Bond ETFs are an example of how a simple, sensible investment can get complicated in a flash.
A reader reminded me of this with a recent query. “I’m selling some equity ETFs and buying bond ETFs. Do you suggest one that focuses on long or short term bonds?”
What I suggest is that this person research a broad, all-in-one bond exchange-traded fund, like the BMO Aggregate Bond Index ETF (ZAG), the iShares Core Canadian Universe Bond Index ETF (XBB), the TD Canadian Aggregate Bond Index ETF (TDB) or the Vanguard Canadian Aggregate Bond Index ETF (VAB).
When you buy ETFs like these, you’re buying the entire bond market in a single go. Short-, medium- and long-term bonds, corporate and government, federal and provincial. Blended together into a benchmark like the FTSE Canada Universe Bond Index, these various bonds produce an after-fee yield to maturity of around 2 per cent (yield to maturity, or YTM, is the best measure of a bond ETF’s yield). Management-expense ratios for broad bond ETFs are in the 0.09 to 0.1 per cent range, which is quite reasonable.
A more defensive approach would be to buy a short-term bond ETF, which holds bonds maturing in five years or less. Short-term bonds are more resilient in a rising-interest-rate environment, but the yields are kind of thin. A higher-yielding long-term bond ETF (holding bonds maturing in 10 years or longer) would be an aggressive, speculative move designed to capitalize on falling rates. If rates were to rise, long-term bonds would plunge in price.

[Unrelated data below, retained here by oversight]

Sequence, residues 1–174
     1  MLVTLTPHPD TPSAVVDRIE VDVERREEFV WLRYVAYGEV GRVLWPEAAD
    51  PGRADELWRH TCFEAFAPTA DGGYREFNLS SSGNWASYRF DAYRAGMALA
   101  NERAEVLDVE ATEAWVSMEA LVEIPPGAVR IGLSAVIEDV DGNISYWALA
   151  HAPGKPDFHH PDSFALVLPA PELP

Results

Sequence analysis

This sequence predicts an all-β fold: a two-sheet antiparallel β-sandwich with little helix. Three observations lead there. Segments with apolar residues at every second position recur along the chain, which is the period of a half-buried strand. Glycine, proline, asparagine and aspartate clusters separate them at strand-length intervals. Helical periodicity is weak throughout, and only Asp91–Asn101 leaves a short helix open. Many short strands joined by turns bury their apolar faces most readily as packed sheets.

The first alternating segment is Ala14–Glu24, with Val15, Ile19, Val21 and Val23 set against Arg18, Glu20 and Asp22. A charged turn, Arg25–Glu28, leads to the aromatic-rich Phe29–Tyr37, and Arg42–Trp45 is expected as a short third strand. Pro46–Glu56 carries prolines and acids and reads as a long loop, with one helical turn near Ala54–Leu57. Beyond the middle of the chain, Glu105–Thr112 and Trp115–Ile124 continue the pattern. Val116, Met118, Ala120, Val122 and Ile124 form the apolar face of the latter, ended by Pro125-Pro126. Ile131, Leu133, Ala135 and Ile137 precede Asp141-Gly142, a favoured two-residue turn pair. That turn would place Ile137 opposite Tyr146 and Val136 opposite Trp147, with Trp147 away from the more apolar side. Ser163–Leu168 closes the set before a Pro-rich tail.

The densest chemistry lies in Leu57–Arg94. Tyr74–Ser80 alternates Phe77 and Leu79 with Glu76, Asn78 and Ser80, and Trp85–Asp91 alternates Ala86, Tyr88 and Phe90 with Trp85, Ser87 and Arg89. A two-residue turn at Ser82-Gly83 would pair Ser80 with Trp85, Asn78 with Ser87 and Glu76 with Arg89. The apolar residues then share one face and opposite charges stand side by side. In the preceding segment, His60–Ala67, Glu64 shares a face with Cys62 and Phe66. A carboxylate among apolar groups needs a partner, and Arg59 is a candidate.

Holding a broad-market bond ETF means you’re positioned somewhere between the low-yield, lower-risk profile of short-term bonds and the high-risk, high-reward profile of long-term bonds. For a long-term investor who is more concerned with growth than capital preservation, this makes sense.
One last thought: Consider guaranteed investment certificates as a bond ETF alternative. GICs are illiquid, while bond ETFs are the picture of liquidity in that you can trade them any time during market hours. The reward from GICs is somewhat higher yields than bond ETFs – if you use alternative banks or credit unions – and zero volatility. GICs don’t change in price as rates rise and fall; you just buy them and hold until maturity.